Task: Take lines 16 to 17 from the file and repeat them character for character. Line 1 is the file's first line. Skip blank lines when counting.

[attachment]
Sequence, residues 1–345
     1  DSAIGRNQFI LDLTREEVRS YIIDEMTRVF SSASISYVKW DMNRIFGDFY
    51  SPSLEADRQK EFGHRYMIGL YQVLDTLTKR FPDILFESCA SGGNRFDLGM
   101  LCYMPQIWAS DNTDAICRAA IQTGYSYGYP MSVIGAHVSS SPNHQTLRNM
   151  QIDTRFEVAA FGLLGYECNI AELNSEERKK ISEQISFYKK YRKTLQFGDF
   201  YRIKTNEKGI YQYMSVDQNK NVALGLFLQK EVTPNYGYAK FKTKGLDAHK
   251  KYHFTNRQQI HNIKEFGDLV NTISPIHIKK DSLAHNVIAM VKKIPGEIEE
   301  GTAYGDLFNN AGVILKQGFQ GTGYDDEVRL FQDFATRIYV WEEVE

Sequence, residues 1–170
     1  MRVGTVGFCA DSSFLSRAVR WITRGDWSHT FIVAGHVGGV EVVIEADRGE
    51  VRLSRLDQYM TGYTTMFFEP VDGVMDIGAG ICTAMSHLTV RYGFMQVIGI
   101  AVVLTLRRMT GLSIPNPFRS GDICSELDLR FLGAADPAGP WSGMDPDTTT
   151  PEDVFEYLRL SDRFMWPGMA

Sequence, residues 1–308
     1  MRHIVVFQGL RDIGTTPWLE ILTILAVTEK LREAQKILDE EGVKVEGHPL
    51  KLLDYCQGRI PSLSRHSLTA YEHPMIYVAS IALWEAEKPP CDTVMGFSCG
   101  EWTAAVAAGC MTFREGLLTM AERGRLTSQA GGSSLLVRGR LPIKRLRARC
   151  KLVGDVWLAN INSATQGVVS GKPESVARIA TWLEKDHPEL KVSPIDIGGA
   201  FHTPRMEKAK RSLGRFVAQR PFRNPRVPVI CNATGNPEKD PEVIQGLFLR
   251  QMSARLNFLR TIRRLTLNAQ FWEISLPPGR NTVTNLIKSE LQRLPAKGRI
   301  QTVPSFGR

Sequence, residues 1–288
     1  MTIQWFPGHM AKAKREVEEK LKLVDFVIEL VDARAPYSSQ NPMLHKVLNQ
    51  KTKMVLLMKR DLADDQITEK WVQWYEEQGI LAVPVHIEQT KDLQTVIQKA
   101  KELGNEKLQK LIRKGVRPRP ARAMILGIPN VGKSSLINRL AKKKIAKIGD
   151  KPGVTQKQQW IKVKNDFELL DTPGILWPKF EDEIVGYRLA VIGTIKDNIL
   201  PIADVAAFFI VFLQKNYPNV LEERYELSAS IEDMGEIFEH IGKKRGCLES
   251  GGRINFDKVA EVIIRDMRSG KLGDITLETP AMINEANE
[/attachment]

    51  KLLDYCQGRI PSLSRHSLTA YEHPMIYVAS IALWEAEKPP CDTVMGFSCG
   101  EWTAAVAAGC MTFREGLLTM AERGRLTSQA GGSSLLVRGR LPIKRLRARC